BAGHDAD (AP) - Russia resettled 30 children of jailed and deceased Islamic State members from Iraq, on Sunday, in a minor breakthrough to the deadlock over what to do with the foreign families to IS militants.
Maksim Maksimov, the Russian ambassador to Iraq, said the children were Russian. Their mothers are incarcerated at a Baghdad prison, according to the office of Russia’s ombudsman for children’s rights, Anna Kuznetsova.
The children, some appearing as young as three or four years old, were led through Baghdad’s international airport to a Russian state plane to take them to Moscow. Many of the girls wore headscarves and conservative garb. A few appeared anxious and afraid; others looked with wonder around the airport and appeared excited to fly. None of the children appeared to have reached their teenage years.
Kuznetsova, wearing rubber gloves and a disposable surgical gown, chaperoned them to the plane. She arrived earlier Monday to meet with Prime Minister Adel Abdul-Mahdi.
An official at Iraq’s Justice Ministry said the children’s fathers were IS members and were killed fighting for the group in Iraq.
Officials barred reporters from speaking to the children and did not provide any specifics about their cases. It is unclear who will take care of the children when they arrive in Russia or where they will be resettled.
But there could be thousands of children in Iraq and Syria born to foreign fighters who have nowhere to go since the Islamic State group’s so-called caliphate began to crumble in 2016.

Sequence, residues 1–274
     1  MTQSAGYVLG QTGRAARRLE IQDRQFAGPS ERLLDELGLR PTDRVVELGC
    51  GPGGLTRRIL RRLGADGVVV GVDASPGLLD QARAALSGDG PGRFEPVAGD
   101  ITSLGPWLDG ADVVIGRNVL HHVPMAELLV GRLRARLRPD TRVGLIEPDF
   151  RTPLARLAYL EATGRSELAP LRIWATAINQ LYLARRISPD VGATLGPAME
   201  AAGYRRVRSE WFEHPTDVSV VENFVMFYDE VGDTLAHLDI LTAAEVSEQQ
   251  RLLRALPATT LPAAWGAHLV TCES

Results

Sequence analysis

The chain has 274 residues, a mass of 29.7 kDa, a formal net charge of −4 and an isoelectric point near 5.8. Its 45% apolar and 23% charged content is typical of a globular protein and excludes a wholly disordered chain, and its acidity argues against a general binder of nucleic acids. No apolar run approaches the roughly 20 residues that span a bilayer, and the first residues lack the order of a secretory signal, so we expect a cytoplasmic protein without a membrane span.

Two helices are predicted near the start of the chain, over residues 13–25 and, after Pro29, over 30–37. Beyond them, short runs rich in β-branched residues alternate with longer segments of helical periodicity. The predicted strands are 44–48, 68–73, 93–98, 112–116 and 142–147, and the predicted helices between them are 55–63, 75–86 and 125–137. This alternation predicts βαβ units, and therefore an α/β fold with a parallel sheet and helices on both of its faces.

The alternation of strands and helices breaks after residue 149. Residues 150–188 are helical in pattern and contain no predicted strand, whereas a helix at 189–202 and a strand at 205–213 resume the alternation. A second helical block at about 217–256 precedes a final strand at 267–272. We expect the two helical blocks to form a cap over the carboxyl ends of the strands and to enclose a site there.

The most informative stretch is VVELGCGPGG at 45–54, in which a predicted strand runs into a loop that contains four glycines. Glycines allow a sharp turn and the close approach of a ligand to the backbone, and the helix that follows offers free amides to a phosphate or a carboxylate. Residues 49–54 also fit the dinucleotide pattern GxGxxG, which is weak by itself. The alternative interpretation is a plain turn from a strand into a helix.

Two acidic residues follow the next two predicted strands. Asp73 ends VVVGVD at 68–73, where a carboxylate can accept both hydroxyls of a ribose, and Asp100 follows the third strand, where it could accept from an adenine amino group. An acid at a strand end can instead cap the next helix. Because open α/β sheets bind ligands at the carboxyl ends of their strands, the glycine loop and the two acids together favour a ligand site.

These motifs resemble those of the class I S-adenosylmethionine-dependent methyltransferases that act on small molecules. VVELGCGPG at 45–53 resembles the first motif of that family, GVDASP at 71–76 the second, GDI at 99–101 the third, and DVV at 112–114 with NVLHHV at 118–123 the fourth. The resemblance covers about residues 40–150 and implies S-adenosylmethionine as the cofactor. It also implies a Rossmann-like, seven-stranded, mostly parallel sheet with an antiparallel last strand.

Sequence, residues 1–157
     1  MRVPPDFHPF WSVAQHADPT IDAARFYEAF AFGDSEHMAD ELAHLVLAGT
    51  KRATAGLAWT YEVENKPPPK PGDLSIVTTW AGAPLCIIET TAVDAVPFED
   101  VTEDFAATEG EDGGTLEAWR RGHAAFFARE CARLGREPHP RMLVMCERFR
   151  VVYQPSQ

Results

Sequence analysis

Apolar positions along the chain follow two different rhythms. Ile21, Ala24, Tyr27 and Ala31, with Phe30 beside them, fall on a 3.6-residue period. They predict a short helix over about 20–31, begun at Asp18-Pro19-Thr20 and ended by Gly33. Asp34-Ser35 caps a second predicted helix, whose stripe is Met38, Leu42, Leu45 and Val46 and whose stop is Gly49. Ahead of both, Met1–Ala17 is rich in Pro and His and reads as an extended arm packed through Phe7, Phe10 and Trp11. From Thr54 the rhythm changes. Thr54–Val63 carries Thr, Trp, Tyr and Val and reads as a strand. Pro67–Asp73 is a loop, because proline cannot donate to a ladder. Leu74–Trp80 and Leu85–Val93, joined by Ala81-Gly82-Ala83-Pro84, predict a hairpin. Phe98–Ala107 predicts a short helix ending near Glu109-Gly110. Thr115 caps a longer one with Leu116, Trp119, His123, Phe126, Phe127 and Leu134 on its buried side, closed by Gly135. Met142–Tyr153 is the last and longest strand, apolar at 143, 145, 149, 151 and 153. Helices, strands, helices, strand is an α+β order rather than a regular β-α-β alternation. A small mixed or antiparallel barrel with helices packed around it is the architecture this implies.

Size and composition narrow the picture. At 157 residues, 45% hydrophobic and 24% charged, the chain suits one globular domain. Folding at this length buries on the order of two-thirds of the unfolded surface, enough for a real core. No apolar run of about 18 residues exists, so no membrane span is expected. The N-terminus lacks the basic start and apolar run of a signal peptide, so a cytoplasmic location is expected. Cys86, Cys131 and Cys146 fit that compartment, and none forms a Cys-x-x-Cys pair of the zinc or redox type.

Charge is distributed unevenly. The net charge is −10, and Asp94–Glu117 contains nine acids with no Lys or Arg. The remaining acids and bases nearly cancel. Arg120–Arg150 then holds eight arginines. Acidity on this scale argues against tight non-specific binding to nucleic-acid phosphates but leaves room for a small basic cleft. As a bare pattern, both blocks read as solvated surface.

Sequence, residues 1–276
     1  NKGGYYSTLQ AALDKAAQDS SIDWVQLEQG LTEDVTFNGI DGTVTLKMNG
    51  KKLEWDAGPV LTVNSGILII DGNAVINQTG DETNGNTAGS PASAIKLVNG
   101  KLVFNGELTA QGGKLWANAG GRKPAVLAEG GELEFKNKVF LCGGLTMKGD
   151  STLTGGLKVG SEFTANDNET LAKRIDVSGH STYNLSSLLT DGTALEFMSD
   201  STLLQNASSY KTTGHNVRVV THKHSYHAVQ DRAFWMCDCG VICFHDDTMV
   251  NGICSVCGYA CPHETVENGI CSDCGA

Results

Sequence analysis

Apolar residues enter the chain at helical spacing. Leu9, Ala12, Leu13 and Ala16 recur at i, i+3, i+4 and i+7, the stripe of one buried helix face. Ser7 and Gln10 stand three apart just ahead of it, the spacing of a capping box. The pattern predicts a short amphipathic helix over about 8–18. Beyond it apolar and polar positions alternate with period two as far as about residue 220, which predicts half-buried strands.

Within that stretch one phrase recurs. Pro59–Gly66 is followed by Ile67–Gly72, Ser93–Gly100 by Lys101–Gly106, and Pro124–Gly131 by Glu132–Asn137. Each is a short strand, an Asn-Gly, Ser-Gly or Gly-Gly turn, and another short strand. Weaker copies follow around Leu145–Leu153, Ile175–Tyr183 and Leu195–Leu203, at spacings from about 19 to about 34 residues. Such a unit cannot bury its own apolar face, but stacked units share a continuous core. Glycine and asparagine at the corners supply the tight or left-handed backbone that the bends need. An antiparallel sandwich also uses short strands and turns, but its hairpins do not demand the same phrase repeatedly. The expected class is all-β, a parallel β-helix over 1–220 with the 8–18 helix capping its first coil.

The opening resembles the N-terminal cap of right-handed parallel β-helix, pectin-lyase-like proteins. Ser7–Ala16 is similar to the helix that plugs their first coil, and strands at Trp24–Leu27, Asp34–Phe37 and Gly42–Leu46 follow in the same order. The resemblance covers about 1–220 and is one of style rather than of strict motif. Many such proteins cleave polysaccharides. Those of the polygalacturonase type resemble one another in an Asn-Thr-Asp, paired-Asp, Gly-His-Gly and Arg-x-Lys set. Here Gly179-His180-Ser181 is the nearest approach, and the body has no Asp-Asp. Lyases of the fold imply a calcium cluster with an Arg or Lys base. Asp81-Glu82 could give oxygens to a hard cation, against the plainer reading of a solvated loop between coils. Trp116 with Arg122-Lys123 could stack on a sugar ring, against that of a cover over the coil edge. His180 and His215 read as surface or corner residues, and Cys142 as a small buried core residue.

Foreign governments have been reluctant to repatriate IS suspects and their wives, widows, and children, leaving authorities in Iraq and Syria to put them in camps and jails instead.
Russia, though, has been proactive about identifying children of Russian nationality, saying it would be dangerous to leave them to grow up in a radicalized environment only to return to Russia with violent intentions later.
Kuznetsova’s office said it had identified 123 Russian children in Iraq who required resettlement, and 699 Russian children across the region who had been “brought to the Middle East by their parents” and could also return to Russia.
Approximately 5,000 Russians were believed to have flocked to the Islamic State group during its heyday earlier this decade. At its peak it held territory spanning most of northern Syria and Iraq, and claimed responsibility for terror attacks across Europe, Asia, and Africa.
But with the group nearly defeated, territorially, in Syria and Iraq, and its numbers diminished, those recruits are leaving behind a challenging legacy in their children.
The group flown to Russia Sunday is among the largest repatriated at single time, and Maksimov, the ambassador, promised more flights would be forthcoming.
“This sort of work is very difficult and without the help of the Iraqi government and institutions, it would not be possible to achieve these positive outcomes,” he said.
Associated Press writer Matthew Bodner in Moscow contributed to this report.
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